for Teachers

Animal protection safeguards the moral status of humans and the degeneration of human values.” – Constitutional Court Judge Sisi Khampepe, on behalf of a full bench of Constitutional Court judges, in a judgment handed down in December 2016.


Our aim is to nurture and develop the core values of empathy, ethics and integrity through education and awareness programmes from early childhood right the way up to Grade 12, creating an understanding that how we treat those at our mercy is a direct reflection of our human dignity and indeed, of our humanity itself.

Our learning programmes are based on the Five Freedoms for Animals, a set of minimum animal welfare standards which are endorsed by the World Organisation for Animal Health, the United Nations and many governments around the world, including the South African Department of Agriculture.

The Five Freedoms for Animals are:

• Freedom from Hunger and Thirst
• Freedom from Discomfort
• Freedom from Pain, Injury and Disease
• Freedom to Express Normal Behaviour (i.e. not to be caged)
• Freedom from Fear and Distress

See an excerpt of a Grade 3 class enjoying a puppet presentation of the Five Freedoms for Animals

Our Teacher Guides (with a focus on Animal Welfare) are curriculum-aligned and available in Foundation Phase, Intermediate Phase, Senior Phase and FET.
In addition, the Teacher Guides as well as 35 of our resources (readers and DVDs) are approved by the Department of Education (Libraries).

To see more items for teachers and learners, look in the shop here.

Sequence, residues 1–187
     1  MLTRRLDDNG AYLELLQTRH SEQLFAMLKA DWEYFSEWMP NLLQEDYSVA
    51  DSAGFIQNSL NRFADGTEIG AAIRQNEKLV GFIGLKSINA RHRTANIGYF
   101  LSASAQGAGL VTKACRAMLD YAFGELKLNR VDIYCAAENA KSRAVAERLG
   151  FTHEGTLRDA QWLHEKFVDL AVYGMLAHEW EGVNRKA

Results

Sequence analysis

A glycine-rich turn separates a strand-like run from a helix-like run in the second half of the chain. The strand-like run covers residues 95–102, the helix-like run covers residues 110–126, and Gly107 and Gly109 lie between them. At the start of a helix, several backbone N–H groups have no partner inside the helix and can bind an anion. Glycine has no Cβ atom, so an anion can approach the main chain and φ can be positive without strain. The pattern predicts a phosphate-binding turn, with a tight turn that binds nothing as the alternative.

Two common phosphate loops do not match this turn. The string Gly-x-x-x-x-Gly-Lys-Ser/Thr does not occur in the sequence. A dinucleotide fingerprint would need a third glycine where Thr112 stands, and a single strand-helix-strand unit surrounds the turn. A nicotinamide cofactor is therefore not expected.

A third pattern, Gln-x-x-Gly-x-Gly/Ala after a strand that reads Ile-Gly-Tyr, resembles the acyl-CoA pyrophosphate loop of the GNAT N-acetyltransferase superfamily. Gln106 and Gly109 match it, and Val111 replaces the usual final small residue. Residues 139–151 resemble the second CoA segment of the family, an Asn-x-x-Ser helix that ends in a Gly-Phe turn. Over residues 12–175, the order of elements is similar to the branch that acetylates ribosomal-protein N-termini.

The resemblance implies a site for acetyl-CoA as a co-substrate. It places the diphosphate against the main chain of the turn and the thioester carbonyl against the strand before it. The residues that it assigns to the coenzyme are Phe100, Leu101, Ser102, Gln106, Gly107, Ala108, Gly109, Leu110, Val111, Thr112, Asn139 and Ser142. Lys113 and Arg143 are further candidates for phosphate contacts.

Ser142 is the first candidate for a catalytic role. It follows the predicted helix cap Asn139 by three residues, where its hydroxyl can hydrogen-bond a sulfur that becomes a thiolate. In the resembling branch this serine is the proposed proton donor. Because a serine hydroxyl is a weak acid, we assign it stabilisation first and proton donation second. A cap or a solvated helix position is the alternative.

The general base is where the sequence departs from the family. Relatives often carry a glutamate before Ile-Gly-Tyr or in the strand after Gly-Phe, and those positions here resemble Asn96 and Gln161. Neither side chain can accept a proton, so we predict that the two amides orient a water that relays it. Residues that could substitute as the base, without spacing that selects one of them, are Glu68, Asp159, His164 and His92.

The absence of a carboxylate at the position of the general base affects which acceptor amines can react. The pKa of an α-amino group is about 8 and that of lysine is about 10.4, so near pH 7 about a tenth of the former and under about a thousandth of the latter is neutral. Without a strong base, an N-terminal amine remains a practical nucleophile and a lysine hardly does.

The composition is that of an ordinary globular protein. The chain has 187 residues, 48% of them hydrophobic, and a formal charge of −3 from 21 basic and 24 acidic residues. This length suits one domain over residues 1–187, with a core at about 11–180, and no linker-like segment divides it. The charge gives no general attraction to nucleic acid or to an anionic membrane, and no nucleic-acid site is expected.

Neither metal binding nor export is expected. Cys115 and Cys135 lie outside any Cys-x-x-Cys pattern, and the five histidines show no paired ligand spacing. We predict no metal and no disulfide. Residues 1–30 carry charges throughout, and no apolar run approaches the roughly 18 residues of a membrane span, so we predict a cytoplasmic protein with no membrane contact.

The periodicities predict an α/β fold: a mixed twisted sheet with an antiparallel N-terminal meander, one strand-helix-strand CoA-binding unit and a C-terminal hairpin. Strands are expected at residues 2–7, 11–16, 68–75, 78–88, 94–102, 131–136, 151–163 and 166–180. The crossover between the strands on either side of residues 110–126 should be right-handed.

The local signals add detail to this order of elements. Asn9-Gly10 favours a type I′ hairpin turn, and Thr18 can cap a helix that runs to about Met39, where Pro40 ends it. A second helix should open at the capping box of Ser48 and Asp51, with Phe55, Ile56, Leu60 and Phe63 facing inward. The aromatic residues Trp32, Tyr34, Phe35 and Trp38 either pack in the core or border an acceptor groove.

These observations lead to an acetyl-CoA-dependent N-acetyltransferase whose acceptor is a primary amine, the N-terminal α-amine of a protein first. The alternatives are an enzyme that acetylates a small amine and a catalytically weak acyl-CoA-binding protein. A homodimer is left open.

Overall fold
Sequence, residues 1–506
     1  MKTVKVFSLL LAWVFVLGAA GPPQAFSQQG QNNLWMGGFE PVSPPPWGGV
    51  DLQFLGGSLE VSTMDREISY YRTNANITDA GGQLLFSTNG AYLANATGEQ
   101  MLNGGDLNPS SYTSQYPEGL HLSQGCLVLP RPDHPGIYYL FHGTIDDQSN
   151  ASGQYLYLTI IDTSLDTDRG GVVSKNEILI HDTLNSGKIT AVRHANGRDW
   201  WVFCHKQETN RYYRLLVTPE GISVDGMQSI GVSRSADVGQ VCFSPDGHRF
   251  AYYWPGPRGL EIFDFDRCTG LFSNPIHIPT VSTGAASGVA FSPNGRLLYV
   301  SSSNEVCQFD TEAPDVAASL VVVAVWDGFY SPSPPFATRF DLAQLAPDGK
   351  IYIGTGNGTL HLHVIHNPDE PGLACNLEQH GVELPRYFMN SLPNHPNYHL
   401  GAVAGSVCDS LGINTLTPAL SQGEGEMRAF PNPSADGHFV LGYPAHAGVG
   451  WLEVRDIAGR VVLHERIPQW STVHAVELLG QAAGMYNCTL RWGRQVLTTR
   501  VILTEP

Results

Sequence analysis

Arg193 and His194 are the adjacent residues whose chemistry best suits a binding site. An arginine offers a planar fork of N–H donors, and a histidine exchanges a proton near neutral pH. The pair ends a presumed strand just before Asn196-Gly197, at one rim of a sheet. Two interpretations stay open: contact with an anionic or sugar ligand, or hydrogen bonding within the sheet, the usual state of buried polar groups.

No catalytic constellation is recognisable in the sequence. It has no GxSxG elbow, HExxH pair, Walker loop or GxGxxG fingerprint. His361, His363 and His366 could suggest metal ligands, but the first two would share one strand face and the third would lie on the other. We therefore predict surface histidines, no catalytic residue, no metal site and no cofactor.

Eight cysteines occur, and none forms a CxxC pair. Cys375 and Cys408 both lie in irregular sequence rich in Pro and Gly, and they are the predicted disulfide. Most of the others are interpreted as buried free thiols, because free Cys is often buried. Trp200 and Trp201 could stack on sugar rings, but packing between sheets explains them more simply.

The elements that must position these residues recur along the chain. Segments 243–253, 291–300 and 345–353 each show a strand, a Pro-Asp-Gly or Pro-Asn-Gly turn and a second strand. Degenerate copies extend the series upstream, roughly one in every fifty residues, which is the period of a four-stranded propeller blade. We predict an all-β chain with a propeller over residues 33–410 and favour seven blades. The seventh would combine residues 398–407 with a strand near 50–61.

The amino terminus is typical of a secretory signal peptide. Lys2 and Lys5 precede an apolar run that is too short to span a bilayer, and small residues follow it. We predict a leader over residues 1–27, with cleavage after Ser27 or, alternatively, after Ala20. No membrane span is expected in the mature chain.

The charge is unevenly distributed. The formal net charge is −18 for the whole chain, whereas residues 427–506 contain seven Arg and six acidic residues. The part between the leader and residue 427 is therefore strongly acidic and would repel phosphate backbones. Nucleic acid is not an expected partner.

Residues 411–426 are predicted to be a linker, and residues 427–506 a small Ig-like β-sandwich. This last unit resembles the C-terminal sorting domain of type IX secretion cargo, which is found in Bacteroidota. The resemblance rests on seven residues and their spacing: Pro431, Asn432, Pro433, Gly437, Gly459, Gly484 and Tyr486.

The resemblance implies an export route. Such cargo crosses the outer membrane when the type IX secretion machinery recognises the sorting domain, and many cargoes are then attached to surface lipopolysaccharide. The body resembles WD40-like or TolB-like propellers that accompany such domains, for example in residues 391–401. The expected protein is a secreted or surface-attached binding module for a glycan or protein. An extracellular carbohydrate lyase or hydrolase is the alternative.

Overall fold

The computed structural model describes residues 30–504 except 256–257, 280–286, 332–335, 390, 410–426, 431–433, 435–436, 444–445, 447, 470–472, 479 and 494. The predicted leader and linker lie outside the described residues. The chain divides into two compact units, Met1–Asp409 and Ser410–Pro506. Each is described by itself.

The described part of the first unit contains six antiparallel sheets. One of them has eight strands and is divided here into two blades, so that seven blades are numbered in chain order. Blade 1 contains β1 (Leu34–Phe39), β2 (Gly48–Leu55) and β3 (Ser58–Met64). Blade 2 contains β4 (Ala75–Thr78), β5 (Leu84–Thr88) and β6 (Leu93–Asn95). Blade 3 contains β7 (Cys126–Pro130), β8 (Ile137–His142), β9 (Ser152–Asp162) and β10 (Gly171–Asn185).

The human-animal bond

Dr Magdie van HeerdenDr Magdie van Heerden is a social worker with a difference! She specializes in the human-animal bond and is convinced that in today’s age of technology, animals have a greater role to play than ever before in the well-being of people.

Technology, says Magdie, has a real down-side. “It is ironic that while people around the world have never been more connected through social media, they have also never felt more isolated and disconnected from each other.  If you think about it, one little emoji with hands and a smiling face often replaces our very deep need for the real thing – the physical contact of a big hug.”

Dr van Heerden suggests that the erosion of empathy in society is a major factor in the growing epidemic of anxiety and depression.

“Humans have a deep-rooted need to care, and to be cared for, and this is why the nurturing and development of empathy should be a focal point in education,” she says.

“Nurturing and developing empathy starts with the teddy bear in the cot and with the companion animals in our homes. Most children relate easily to companion animals because they are not judgmental and if treated well, they are positive role-models for companionship, play, laughter, love, and having fun.

“Child welfare and animal welfare are intertwined and we cannot split the one from the other if we want to heal our communities and strive towards emotional health.”

Dr Magdie van Heerden and her companion work together to promote the Human-Animal Bond.